Honor crimes are acts of violence, often murder, predominantly committed by men against female family members who are perceived to have brought dishonor upon the family. A woman can be targeted for a variety of reasons, including: refusing to enter into an arranged marriage, being the victim of a sexual assault, seeking a divorce (even from an abusive husband), or allegedly committing adultery. The real or perceived violation of a woman’s chastity is enough to trigger an attack. Honor crimes are not specific to any religion or any one region of the world.1 Worldwide, 5,000 women die as a result of honor crimes each year.2 In Pakistan alone, more than 1,000 women are killed annually in the name of honor.3 In Jordan and Lebanon, 70 to 75 percent of the perpetrators of honor killings are the women’s brothers.4
Khalida*, a native of Pakistan, had just finished medical school when she married Asad* through an arrangement made by their families. Asad was abusive and jealous from the start. Khalida’s movement was restricted and she had to be accompanied wherever she went. When Khalida was at the hospital for 24-hour emergency duty, her husband called her a whore, accused her of going to work to attract men, and told her she was dishonoring the family.
Khalida’s husband raped her repeatedly. He constantly scolded her for neglecting her “wifely duties”— cooking and cleaning. Asad even threatened to kill Khalida with the guns he kept in the house illegally. Khalida eventually stopped working, hoping that her being at home would calm him down. Even after she left her job and gave birth to two children, Asad continued to abuse her. He was angry that she had given birth to daughters instead of sons. Due to cultural restraints, divorce or separation was out of the question.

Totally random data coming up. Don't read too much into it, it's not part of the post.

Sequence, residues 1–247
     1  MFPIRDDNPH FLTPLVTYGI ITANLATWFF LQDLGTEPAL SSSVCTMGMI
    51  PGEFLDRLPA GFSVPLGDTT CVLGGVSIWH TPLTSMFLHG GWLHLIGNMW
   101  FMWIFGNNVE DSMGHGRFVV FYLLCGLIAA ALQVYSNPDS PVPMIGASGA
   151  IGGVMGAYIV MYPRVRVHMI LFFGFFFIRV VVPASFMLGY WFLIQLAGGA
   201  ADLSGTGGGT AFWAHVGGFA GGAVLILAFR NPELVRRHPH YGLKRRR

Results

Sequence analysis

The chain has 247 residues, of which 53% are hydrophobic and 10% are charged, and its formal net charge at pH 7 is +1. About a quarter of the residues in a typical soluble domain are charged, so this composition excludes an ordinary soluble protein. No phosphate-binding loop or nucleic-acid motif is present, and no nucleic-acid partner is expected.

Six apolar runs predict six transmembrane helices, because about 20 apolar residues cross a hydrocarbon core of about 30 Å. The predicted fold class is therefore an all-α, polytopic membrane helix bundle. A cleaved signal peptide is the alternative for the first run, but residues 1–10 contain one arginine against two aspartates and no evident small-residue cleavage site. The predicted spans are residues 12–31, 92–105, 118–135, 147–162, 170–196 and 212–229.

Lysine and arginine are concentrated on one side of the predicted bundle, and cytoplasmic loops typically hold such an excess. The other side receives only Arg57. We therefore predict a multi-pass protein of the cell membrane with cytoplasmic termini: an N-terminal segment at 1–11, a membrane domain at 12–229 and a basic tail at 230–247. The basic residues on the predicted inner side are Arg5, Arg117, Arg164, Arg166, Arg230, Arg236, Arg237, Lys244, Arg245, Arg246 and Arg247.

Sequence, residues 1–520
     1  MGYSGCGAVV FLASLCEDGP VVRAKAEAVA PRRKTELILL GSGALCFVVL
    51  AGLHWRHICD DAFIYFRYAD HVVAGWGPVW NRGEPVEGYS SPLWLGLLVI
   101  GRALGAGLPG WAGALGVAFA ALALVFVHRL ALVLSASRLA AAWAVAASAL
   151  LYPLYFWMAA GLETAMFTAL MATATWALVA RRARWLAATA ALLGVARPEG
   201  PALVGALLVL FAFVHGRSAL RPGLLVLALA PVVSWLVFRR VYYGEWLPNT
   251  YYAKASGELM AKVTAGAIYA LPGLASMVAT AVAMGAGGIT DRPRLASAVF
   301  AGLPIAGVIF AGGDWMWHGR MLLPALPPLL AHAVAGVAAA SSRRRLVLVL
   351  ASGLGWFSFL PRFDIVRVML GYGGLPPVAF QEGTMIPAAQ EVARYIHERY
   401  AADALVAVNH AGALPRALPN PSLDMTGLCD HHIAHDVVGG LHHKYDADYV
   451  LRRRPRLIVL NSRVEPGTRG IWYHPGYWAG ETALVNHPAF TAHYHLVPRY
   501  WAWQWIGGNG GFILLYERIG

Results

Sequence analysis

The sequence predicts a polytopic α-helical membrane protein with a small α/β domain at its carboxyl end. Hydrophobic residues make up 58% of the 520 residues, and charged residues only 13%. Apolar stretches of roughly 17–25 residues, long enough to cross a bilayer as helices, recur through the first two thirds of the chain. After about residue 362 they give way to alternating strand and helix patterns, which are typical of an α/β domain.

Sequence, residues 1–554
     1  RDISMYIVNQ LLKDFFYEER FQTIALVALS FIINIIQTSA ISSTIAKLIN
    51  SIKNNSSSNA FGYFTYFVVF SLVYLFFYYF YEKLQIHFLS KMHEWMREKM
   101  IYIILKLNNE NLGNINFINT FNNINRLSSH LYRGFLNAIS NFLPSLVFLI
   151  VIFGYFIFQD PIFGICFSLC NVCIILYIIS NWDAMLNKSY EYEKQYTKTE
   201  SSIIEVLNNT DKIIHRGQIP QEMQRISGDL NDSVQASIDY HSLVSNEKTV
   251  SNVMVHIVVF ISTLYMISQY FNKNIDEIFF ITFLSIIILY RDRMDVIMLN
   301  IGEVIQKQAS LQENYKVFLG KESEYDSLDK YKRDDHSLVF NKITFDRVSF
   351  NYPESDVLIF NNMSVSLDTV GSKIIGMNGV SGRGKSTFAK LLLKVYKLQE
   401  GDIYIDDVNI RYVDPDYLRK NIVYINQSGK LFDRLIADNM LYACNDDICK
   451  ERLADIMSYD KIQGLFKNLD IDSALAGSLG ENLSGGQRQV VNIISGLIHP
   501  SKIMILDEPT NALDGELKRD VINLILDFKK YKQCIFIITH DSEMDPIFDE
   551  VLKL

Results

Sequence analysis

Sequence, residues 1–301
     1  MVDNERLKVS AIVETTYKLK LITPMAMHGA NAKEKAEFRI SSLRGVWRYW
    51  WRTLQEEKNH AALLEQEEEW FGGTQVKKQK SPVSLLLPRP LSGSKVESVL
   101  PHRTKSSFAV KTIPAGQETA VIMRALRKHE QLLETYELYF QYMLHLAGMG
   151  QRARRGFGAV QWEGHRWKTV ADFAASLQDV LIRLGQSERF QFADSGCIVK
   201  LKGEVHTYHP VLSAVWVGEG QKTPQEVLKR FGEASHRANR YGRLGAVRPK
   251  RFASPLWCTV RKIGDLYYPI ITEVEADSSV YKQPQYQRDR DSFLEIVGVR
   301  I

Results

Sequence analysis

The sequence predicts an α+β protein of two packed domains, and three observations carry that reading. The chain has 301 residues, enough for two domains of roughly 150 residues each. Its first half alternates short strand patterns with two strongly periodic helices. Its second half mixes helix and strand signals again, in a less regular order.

After years of trying to escape, with the help of her brothers, Khalida and her daughters fled from her husband in 2002 while they were in the United States visiting family. Tahirih successfully represented Khalida’s case and on December 31, 2003, she was granted asylum. Khalida was able to keep both her daughters with her; however, she still fears persecution in the form of an honor crime from Asad and his family for having worked outside the home and having divorced Asad. To this day, her husband and his family do not accept the end of the marriage and threaten to harm Khalida if she returns to Pakistan.
1Human Rights Watch, HRW Oral Intervention, 57th Session of the UN Commission on Human Rights, 2001, http://hrw.org/english/docs/2001/04/06/global268.htm, last visited June 11, 2007.
2UNFPA, Lives Together, Worlds Apart, 2000, http://www.unfpa.org/swp/2000/english/ch01.html, last visited June 11, 2007.
3Radhika Coomeraswamy, Integration of the Human Rights of Women and the Gender Perspective: Violence Against Women, Report of the Special Rapporteur on Violence Against Women, its Causes and Consequences: Cultural Practices in the Family that are Violent Towards Women, E/CN.4/2002/93 (January 31, 2002): 12.
4UNIFEM, Not a Minute More: International Day for the Elimination of Violence Against Women: Facts and Figures, November 2004. Quoting, UNIFEM Regional Scan, Arab Region, 2002.
*Client’s name has been changed to protect privacy